Elyce Cardonick, MD, Dzhamala Gilmandyar, MD, and Robert A. Somer, MD
OBJECTIVE: To estimate the effect of dose-dense chemotherapy during pregnancy on maternal and neonatal outcomes.
METHODS: This is a retrospective cohort study in which women were identified from the international Cancer and Pregnancy Registry at Cooper Medical School at Rowan University in Camden, New Jersey. A chart analysis was completed and Fisher’s exact test and independent t test were used in comparing patient outcomes.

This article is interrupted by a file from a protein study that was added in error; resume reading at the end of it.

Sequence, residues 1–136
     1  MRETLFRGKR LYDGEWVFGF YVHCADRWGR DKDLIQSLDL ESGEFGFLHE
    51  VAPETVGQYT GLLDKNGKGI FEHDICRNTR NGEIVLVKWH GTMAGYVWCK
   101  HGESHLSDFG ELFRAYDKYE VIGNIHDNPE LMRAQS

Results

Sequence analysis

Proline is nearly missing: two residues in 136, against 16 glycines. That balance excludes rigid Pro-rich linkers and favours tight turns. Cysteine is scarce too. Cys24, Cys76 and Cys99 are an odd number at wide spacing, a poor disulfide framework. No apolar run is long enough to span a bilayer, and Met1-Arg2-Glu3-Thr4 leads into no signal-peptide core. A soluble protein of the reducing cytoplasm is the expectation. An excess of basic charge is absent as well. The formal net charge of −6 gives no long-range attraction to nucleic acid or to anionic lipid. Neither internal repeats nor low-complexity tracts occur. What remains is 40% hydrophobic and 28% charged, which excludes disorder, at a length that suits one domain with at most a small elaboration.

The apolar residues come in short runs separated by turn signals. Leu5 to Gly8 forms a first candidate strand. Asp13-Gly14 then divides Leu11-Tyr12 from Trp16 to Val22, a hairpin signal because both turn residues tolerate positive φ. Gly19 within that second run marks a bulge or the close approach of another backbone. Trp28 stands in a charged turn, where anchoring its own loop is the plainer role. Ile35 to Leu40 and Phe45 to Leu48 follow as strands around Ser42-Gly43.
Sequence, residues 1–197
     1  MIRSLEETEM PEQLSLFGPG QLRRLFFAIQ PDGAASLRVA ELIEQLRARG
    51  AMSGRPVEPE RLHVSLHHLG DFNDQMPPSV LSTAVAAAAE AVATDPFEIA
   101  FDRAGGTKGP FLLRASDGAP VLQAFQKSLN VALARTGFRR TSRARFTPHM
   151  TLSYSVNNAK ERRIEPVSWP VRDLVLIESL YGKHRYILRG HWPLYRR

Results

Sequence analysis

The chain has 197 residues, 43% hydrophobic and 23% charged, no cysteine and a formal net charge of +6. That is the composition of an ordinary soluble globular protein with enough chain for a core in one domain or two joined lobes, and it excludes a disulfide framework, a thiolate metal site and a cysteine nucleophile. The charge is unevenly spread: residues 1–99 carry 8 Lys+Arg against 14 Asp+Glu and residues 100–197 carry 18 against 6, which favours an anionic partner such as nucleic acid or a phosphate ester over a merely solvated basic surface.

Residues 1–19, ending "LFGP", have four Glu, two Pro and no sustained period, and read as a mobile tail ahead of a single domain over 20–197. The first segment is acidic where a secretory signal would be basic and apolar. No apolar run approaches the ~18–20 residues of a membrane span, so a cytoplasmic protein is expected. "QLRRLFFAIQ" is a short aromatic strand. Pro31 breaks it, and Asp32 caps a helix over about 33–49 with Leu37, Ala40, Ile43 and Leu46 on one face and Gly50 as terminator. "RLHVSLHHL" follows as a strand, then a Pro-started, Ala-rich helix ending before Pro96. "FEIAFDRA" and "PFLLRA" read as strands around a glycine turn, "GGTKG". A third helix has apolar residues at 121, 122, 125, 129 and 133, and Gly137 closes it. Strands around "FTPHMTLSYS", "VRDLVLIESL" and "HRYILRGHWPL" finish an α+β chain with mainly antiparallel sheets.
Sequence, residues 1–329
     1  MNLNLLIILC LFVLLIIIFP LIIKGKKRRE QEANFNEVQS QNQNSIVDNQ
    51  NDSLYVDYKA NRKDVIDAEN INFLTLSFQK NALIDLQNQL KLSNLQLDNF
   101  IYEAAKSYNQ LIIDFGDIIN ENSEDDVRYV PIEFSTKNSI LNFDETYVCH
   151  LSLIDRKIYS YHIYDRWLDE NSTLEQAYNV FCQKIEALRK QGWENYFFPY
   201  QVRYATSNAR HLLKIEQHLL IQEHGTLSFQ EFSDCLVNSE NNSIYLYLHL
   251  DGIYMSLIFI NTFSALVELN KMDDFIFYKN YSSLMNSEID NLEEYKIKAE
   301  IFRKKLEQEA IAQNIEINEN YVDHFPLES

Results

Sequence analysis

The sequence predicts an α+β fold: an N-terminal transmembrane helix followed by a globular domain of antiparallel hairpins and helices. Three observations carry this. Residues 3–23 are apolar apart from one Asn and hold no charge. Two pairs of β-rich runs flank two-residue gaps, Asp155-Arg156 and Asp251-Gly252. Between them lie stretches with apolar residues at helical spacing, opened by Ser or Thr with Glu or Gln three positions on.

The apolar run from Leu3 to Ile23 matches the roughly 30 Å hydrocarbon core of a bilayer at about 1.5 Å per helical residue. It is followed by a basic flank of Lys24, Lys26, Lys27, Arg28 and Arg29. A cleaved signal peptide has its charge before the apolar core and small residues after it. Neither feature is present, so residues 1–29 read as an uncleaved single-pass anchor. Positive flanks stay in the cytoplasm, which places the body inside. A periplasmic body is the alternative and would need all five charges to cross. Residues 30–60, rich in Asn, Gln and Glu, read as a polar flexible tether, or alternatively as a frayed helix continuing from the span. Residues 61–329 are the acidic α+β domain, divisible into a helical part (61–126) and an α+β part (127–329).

RESULTS: Ten women received dose-dense chemotherapy, received every 2 weeks, and 99 women received conventional chemotherapy, received with at least 3-week intervals, for breast cancer during pregnancy. Birth weight, gestational age at delivery, rate of growth restriction, congenital anomalies, and incidence of maternal and neonatal neutropenia were not statistically different between the two groups.
CONCLUSION: In the small cohort of women in our registry, dose-dense chemotherapy does not appear to increase the risk of fetal or maternal complications.
(Obstet Gynecol 2012;120:1267–72)
LEVEL OF EVIDENCE: II